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Can Open Source Games Compete?. Edition No. 1

  • ID: 1910170
  • November 2008
  • 116 Pages
  • VDM Publishing House
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The topic of copyrights is a crucial component in
understanding today's media landscape. The purpose of
having a copyright system as outlined in the U.S.
Constitution is to provide content creators with
incentives to create. Copyrights allows revenue to be
generated through sales of copies of works; allowing
works to be created which otherwise would not be
created. Yet it is possible that not all creative
projects require the same legal framework. The so
called “copyleft” movement offers an alternative to
the industrial mode of cultural
production. “Copylefted” works can be divided into
two broad categories: artistic/creative works(which
are often protected by “Creative Commons” licenses),
and Free/Open Source Software. This thesis evaluates
how open source video games compare to their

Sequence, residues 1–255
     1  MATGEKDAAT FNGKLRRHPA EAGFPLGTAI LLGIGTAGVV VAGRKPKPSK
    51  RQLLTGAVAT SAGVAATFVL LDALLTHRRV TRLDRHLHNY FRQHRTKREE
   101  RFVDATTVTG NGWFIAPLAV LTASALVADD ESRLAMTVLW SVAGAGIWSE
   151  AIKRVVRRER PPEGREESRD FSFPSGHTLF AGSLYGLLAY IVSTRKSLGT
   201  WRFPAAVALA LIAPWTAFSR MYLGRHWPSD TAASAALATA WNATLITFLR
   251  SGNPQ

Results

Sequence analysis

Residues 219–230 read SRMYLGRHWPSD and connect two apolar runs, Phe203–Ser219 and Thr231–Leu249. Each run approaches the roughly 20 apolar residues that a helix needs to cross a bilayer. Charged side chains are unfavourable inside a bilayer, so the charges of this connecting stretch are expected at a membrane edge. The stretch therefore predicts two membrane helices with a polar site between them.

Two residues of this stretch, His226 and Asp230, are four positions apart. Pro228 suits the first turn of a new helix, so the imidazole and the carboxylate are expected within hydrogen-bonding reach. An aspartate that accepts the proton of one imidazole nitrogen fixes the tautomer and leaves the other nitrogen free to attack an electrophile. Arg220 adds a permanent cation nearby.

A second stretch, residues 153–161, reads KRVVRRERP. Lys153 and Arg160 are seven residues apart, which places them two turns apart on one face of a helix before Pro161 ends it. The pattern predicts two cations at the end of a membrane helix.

commercial counterparts and discusses the reasons for
any difference in overall quality. The purpose of
this evaluation is to determine whether high quality
video games can be created without strong copyright
protection. In term of technical merit, FOSS games
vary widely. The most sophisticated of these games
seem to be only a few years behind their commercial

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Jesse, Clark.
Jesse Clark earned both his BA and MA in Media Studies at Penn
State. He is currently beginning work on his PhD in Mass
Communications. His research interests include intellectual
property, open source software, and telecommunications law and

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